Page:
Chinese journalists punished for citing historian
|Publisher||Committee to Protect Journalists|
|Publication Date||19 August 2011|
|Cite as||Committee to Protect Journalists, Chinese journalists punished for citing historian, 19 August 2011, available at: http://www.refworld.org/docid/4e5f704d28.html [accessed 23 October 2014]|
|Disclaimer||This is not a UNHCR publication. UNHCR is not responsible for, nor does it necessarily endorse, its content. Any views expressed are solely those of the author or publisher and do not necessarily reflect those of UNHCR, the United Nations or its Member States.|
New York, August 19, 2011 – The demotion of a magazine president and suspension of an editor for an interview deemed critical of a Communist Party legend are the latest punitive steps taken by authorities against mainstream journalists in China, the Committee to Protect Journalists said today.
Chen Zhong, president of the Guangzhou-based biweekly Nanfeng Chuang (Window on the South), was removed from his post, though not dismissed, and editor Zhao Lingmin was suspended during an internal meeting on Monday, international news reports said. These measures were related to Zhao's July 25 interview with Taiwanese historian Tang Chi-hua, according to a letter the editor wrote to his colleagues that was published online by the Hong Kong University-based China Media Project.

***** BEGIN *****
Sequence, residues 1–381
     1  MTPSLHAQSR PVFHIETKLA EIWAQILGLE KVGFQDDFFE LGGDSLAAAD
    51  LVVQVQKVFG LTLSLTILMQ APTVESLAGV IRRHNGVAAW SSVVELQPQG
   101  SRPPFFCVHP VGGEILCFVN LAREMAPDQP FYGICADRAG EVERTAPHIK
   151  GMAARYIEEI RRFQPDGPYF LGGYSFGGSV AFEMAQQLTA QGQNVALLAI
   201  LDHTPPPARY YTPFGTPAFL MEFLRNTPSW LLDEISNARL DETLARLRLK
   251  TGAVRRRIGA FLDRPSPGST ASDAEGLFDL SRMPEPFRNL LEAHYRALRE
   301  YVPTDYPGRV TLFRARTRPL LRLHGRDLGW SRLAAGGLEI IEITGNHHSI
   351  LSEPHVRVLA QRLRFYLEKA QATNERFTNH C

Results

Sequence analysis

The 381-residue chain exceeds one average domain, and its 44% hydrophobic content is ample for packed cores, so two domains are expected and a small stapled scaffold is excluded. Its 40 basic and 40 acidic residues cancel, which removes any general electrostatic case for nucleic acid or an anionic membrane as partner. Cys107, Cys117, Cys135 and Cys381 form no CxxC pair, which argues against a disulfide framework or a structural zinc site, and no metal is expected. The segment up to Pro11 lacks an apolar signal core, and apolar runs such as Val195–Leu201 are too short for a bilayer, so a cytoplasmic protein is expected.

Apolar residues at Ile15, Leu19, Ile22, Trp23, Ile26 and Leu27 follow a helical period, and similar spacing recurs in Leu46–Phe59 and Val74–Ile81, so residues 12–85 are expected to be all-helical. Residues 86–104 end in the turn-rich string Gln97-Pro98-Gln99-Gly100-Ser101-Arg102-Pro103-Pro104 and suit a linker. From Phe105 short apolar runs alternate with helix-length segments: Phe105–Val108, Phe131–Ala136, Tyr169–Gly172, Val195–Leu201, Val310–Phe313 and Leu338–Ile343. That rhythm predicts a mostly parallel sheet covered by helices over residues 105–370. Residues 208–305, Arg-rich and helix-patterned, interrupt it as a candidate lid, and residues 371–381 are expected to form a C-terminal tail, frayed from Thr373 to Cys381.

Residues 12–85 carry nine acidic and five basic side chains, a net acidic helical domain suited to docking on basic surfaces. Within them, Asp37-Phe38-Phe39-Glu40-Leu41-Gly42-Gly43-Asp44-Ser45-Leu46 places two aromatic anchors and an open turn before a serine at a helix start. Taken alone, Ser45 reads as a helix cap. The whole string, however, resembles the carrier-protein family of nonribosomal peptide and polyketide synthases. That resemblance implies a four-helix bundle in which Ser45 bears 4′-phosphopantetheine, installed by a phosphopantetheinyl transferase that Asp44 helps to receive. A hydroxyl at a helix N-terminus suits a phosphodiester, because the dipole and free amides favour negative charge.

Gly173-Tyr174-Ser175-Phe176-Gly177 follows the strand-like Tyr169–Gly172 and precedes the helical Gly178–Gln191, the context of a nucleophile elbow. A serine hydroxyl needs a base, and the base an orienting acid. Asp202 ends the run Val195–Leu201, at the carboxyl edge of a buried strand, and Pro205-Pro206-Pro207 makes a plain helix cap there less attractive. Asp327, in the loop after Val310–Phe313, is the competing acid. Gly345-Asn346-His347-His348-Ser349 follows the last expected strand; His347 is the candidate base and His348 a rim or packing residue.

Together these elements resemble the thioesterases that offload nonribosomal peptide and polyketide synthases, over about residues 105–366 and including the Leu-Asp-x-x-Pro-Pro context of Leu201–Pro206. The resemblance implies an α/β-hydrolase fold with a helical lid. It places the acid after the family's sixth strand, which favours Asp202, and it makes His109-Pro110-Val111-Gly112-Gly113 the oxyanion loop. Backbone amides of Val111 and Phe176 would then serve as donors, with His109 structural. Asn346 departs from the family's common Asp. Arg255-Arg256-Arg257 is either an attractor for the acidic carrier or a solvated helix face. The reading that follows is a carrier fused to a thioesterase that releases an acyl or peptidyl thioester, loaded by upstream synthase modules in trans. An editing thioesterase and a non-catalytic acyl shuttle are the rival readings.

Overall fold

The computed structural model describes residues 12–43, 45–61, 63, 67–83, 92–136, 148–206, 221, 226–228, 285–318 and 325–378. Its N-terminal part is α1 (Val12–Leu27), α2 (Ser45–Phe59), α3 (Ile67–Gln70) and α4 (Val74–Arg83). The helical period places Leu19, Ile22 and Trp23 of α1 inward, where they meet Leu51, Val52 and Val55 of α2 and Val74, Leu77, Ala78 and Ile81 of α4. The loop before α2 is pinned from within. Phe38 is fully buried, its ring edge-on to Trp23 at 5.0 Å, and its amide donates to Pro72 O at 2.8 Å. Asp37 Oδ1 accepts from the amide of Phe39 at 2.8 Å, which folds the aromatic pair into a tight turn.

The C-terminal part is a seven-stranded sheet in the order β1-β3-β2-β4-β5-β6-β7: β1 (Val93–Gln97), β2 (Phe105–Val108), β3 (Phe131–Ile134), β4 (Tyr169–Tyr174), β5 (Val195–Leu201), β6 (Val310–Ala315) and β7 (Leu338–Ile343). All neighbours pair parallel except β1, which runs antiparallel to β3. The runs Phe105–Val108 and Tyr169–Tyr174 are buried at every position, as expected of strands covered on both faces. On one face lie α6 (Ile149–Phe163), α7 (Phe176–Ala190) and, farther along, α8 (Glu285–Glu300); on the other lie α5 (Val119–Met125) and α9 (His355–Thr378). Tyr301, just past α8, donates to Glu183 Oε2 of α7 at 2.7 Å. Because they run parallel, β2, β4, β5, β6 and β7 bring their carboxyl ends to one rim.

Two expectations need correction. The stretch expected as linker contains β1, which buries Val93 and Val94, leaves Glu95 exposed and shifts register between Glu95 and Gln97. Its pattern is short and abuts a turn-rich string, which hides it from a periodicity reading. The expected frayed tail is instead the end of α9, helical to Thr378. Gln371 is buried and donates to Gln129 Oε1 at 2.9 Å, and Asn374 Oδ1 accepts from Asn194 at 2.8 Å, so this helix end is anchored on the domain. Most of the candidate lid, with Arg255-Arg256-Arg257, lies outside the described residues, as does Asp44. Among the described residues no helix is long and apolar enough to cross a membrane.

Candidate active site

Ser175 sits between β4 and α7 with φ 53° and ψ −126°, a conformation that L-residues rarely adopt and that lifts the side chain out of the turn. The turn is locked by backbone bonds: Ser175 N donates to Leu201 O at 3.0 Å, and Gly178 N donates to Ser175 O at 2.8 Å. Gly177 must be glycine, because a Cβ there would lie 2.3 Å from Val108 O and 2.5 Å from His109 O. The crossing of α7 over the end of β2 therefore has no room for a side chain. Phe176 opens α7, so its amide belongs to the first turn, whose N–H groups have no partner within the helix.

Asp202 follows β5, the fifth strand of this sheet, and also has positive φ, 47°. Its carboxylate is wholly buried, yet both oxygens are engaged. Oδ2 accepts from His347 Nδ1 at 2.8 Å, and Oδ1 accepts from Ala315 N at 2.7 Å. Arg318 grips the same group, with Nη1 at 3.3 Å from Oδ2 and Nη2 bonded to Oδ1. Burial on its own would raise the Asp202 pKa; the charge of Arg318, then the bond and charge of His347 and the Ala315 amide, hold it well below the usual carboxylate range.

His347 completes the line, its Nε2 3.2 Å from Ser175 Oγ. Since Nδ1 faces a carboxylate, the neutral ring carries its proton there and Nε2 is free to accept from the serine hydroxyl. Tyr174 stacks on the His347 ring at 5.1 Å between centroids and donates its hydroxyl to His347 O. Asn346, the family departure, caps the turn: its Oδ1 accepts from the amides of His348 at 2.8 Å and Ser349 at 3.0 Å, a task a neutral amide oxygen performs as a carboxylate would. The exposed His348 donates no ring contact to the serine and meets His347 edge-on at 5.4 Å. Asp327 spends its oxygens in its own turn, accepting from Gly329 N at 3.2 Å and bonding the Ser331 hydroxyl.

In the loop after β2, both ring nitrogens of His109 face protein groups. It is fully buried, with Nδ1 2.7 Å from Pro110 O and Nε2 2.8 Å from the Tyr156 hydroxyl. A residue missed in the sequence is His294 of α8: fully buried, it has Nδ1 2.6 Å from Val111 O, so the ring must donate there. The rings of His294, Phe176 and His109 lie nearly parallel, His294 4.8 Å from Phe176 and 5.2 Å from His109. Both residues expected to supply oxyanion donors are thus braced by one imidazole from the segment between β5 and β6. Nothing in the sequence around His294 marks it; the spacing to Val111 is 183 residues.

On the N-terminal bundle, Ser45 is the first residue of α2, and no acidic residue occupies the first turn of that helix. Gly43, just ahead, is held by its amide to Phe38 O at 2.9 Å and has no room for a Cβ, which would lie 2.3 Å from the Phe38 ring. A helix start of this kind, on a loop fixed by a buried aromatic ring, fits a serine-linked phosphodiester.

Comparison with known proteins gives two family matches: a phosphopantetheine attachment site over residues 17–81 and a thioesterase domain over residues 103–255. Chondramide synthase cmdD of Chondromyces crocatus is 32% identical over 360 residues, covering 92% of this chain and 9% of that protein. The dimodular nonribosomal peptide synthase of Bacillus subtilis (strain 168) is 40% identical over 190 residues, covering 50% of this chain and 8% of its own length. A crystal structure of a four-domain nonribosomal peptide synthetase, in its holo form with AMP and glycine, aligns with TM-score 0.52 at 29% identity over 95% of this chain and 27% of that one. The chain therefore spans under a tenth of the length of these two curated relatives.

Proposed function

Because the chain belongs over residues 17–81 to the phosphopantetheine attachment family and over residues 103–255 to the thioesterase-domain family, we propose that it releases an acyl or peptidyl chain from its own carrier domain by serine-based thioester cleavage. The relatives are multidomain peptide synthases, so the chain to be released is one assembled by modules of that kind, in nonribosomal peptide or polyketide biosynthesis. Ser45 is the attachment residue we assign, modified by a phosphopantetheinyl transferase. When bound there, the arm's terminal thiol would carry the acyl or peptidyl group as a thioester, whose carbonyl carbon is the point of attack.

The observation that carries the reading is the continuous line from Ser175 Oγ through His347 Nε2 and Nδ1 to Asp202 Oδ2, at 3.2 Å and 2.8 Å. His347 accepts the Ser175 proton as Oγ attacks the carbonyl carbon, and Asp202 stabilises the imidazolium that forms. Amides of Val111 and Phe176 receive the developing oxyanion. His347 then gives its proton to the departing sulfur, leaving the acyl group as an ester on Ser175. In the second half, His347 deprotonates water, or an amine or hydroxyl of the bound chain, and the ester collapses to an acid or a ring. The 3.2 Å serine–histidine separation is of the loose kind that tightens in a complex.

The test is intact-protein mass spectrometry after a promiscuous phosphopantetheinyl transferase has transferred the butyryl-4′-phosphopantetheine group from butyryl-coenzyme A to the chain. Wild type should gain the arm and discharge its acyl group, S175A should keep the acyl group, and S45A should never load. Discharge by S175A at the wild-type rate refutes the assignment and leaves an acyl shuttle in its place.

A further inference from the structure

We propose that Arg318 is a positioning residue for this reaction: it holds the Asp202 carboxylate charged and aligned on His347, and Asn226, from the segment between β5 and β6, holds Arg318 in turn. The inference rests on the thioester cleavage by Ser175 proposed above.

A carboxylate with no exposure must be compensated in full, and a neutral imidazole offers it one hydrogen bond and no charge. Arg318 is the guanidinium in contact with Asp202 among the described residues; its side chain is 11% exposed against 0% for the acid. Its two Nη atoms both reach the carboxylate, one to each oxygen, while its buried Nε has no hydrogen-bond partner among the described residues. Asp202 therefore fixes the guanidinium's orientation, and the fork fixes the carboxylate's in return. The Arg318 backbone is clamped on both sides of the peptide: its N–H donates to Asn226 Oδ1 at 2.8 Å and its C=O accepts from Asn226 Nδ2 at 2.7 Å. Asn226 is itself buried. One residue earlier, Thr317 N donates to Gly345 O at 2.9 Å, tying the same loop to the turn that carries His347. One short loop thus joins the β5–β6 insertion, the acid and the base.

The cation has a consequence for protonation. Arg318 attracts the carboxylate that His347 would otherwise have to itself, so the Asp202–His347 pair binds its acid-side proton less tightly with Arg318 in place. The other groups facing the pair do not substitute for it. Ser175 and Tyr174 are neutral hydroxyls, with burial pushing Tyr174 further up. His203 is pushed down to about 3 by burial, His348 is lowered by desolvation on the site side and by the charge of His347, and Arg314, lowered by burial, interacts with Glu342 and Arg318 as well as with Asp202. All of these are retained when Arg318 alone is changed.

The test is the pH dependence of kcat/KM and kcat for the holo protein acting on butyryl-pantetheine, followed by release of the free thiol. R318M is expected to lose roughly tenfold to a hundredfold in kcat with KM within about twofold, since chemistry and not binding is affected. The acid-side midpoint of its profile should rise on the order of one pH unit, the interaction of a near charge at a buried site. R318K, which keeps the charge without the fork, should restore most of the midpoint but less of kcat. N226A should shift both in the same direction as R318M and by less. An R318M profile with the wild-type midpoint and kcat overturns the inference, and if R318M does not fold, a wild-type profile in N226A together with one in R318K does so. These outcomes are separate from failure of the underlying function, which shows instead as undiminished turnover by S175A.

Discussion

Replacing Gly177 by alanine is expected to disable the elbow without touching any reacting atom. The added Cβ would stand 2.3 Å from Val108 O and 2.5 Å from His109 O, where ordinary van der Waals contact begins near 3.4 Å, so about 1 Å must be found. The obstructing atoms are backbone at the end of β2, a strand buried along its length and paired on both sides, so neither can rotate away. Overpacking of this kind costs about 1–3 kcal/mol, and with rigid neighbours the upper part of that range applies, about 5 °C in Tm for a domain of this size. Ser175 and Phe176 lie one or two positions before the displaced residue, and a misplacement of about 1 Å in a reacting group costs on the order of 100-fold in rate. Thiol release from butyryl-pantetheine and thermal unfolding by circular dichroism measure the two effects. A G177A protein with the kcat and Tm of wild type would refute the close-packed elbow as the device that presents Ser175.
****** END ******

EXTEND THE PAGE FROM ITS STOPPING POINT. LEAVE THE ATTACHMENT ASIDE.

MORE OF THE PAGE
"Punishing Chen Zhong and Zhao Lingmin for quoting a historian is absurd and a sign of the tightening restrictions on professional reporters across China this year," said CPJ Deputy Director Robert Mahoney. "Some of China's best journalists are falling victim to the Communist Party's sustained efforts to stamp out views it fears."
The Hong Kong-based South China Morning Post, citing an unnamed journalist at the magazine, said that Nanfeng Chuang's editorial committee under the Guangzhou Daily newspaper group took issue with Tang's criticism of Sun Yat-sen, an early 20th-century political leader referred to as the "Father of the Nation." The historian said Sun had been prepared to cede Chinese territory to the Japanese in return for military support against a local warlord and that the Communist Party's historical narratives might not be factual, the Post said.
This year, CPJ has documented a number of journalists fired for reporting in China, though the dismissals are often couched as suspensions, sabbaticals, or resignations to disguise the retributive motive.
China Central Television's "24 Hours" news producer Wang Qinglei was suspended earlier this month. He had reported on a July 23 train wreck, defying propaganda regulations to probe the cause of the crash.
Beijing-based China Economic Times' investigative unit, headed by veteran muckraker Wang Keqin, was disbanded in July for reasons that remain unclear.
Two Guangzhou-based journalists also lost their jobs in March: Time Weekly's Peng Xiaoyun for interviewing dissidents, and Southern Weekend's Chen Ming for writing on political reform.
Veteran editor and columnist Zhang Ping, who writes as "Chang Ping," was forced to resign by Guangzhou's Southern Media Group, which publishes Southern Weekend and other titles, for writing on political and media issues.